Figuring out how to connect with millennials—those born between 1981 and 1997—is critical to keeping loyalty fresh and relevant. There are 80 million of them in the United States, according to the U.S. Census, making the group bigger than any other demographic. They have $600 billion in annual buying power and, by 2020, are expected to represent 30 percent of total U.S. retail sales, $1.4 trillion in expected spending, according to Standard & Poor’s.

The unique slice

Millennials don’t behave quite like other consumers. A recent survey of loyalty members by LoyaltyOne found that millennials value program exclusivity and a sense of fun more than other members. In fact, 25 percent had joined a program in the past year because it offered member-only events, compared to 16 percent of all respondents. And 40 percent joined for access to member-only sales, products and services, compared with 33 percent of the general respondent base.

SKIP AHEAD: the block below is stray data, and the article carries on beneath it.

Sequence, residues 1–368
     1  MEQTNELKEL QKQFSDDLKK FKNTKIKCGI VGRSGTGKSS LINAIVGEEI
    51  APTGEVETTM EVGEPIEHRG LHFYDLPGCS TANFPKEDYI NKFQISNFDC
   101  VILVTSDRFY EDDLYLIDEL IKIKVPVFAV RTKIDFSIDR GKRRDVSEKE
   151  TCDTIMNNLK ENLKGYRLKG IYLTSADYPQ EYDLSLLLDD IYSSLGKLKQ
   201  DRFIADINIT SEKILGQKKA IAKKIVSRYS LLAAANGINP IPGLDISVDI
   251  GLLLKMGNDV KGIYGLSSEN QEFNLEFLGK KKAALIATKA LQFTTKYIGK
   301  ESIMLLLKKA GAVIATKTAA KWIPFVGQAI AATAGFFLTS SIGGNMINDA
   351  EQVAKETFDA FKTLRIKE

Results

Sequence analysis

"Forty-two percent continue to participate in a program because it has a mobile payment option..."

Those that fail to make them feel special will feel it: When asked why they stopped using a program, one-third said they did so because it didn’t offer members-only exclusives.

Game on

Millennials also demand a high level of tech-savvy. Forty-two percent continue to participate in a program because it has a mobile payment option, for example, while just 15 percent of baby boomers said the same.

And they love gamification, with 27 percent saying they continued participation in a program because it featured a game or social element such as badges, leader boards or communities. Only 7 percent of boomers stayed for those reasons.

Any way you cut it, the future is clear: Loyalty can’t thrive unless it wins with millennials.